Kentucky & Red Bird’s Witness of Thanks

September 07, 2022
By Bishop Leonard Fairley

At my very first appointment, one of my favorite parts of our worship service was “Testimonies and Concerns.” Testimonies and Concerns was true “liturgy,” where lay people had the opportunity to give witness, to testify about what the Lord had done in their lives.

Testimonies often began with words like these:
“Giving honor to God, and to Jesus Christ my Lord and Savior, who is first in my life, I want to thank the Lord for waking me this morning with the blood still running warm in my veins.”

It was the Word becoming flesh, the scriptures becoming a living thing, not just words on a page to be debated or volleyed back and forth to prove one’s righteousness. Well, sisters and brothers in Christ, I want to testify today about the goodness of the Lord and how the Word has become flesh amid two devastating natural disasters in Kentucky:
December tornadoes in the west and historic July flooding in the east.

We the people called United Methodist in the Kentucky Annual Conference and Red Bird Missionary Conference can testify to the living scripture after conferences (including churches within Kentucky and Red Bird) have responded as the hands and feet of Jesus through UMCOR and individual gifts of financial and human resources on the ground. The United Methodist Connection has lived into Mathew 25 in extraordinary ways as people in congregations like yours have put aside their differences, if only for a moment, in order to make a difference.

Words cannot begin to describe or express the gratitude and heartfelt thanks for the generosity and sacrifices you have made on behalf of the people of Kentucky. We believe that it is true, that after others have gone, The United Methodist Church will still be there.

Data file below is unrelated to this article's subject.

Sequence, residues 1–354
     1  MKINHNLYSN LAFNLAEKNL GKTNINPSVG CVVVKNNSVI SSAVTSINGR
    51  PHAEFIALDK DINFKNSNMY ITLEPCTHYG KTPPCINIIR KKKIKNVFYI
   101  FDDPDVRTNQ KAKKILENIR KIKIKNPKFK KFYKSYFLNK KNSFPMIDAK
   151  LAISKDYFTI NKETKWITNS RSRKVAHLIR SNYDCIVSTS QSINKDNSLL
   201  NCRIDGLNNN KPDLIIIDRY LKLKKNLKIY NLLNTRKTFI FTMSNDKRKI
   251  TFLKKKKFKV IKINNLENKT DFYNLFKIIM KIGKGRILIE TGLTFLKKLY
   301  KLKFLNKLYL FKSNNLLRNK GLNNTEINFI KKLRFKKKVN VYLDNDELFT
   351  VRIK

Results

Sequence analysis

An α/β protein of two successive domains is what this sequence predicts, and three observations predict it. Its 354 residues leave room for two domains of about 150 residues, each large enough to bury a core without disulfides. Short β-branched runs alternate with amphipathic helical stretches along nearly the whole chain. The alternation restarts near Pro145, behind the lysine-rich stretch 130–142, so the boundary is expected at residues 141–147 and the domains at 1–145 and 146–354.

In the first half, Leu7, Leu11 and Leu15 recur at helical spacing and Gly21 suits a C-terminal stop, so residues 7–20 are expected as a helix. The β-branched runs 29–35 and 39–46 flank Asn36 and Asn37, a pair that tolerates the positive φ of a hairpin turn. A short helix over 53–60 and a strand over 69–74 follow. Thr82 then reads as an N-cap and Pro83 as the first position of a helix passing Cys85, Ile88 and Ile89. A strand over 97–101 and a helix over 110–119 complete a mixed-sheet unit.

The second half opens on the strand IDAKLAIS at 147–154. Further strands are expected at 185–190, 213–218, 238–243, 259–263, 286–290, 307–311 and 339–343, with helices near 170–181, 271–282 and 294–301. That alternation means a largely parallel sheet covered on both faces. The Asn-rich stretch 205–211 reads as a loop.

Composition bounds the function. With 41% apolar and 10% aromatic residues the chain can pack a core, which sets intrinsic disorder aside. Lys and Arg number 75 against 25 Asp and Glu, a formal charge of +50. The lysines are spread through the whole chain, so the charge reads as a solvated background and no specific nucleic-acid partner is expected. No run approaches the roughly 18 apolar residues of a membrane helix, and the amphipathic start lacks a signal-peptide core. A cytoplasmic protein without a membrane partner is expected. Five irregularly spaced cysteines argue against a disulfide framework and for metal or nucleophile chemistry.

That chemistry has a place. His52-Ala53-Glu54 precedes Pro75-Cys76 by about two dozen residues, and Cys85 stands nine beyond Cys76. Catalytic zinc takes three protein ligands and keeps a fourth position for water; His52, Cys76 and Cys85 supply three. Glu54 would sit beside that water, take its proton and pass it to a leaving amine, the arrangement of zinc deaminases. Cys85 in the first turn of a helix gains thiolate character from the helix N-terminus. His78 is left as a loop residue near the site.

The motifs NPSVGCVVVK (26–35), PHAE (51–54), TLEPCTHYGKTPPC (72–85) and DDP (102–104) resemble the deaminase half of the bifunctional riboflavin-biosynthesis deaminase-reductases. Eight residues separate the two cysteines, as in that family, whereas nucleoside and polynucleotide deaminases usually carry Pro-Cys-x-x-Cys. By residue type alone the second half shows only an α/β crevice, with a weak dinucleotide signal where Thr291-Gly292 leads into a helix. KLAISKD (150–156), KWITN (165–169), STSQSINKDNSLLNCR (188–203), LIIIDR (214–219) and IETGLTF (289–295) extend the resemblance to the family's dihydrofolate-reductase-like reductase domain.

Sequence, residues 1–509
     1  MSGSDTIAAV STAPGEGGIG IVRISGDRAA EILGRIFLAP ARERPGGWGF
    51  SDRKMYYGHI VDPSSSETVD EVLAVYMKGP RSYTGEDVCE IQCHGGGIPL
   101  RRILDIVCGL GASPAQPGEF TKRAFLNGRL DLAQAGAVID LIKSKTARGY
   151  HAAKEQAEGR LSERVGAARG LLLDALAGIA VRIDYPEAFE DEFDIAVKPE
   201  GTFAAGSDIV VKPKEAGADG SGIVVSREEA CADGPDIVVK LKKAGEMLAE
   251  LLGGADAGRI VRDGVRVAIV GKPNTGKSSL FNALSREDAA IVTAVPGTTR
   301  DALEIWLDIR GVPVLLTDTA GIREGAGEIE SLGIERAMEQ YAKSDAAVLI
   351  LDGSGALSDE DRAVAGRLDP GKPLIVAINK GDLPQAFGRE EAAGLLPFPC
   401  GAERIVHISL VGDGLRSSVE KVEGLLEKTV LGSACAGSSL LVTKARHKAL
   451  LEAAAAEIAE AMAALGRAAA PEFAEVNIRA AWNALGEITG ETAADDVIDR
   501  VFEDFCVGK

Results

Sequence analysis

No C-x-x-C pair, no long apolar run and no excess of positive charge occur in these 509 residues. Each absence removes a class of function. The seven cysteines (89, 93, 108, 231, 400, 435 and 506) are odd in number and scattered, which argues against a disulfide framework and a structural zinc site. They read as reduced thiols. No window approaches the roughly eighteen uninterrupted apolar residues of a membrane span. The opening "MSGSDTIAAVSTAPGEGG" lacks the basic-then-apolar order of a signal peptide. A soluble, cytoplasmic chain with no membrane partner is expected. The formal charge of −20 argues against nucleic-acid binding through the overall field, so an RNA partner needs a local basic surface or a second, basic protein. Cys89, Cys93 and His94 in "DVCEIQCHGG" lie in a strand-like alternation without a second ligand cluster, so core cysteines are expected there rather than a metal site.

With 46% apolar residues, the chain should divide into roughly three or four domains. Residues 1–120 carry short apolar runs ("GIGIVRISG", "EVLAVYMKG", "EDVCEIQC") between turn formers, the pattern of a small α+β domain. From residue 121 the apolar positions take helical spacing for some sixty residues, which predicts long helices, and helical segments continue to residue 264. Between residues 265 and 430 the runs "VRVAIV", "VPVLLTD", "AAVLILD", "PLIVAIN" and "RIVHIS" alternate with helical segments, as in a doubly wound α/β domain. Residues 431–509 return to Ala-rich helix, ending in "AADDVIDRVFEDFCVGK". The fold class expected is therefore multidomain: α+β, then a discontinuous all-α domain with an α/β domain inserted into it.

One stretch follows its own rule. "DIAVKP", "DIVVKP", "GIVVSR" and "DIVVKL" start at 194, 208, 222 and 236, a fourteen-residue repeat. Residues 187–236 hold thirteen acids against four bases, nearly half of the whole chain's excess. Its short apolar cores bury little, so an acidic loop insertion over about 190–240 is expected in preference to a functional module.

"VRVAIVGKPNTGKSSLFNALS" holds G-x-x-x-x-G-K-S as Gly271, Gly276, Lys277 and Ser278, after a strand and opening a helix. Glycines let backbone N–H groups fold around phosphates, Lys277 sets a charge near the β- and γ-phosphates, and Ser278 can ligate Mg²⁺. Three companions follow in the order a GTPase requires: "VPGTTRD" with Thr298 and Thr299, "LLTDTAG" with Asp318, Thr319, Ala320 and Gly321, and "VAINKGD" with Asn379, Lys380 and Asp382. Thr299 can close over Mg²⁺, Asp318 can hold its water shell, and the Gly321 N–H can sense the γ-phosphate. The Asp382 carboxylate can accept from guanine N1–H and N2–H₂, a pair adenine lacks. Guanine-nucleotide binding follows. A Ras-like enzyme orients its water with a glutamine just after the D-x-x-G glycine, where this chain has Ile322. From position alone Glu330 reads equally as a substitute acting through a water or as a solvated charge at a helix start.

We give witness to the lived-out words of David Scott, who in his blog post titled, Posts from the Frontier: Connectionalism as basis for United Methodist Unity, writes: “According to connectionalism, the church is defined not by formal structures or doctrine or lines of authority. It’s defined by connections between people: connections between pastor and pastor, between pastor and laity, and between laity and laity.”

We have and continue to see this at its best, lived out in the ways each of you have responded to the “Macedonian Call” in eastern and western Kentucky. Again, giving honor to God and to Jesus Christ my savior who is first in my life, I want to thank God for each of you.

Thank you for allowing me to testify, but above all, to the people of Kentucky, THANK YOU for your prayers, encouragement, and support. We will need all these things and more in the days ahead. Thank you, Lord, for all your people.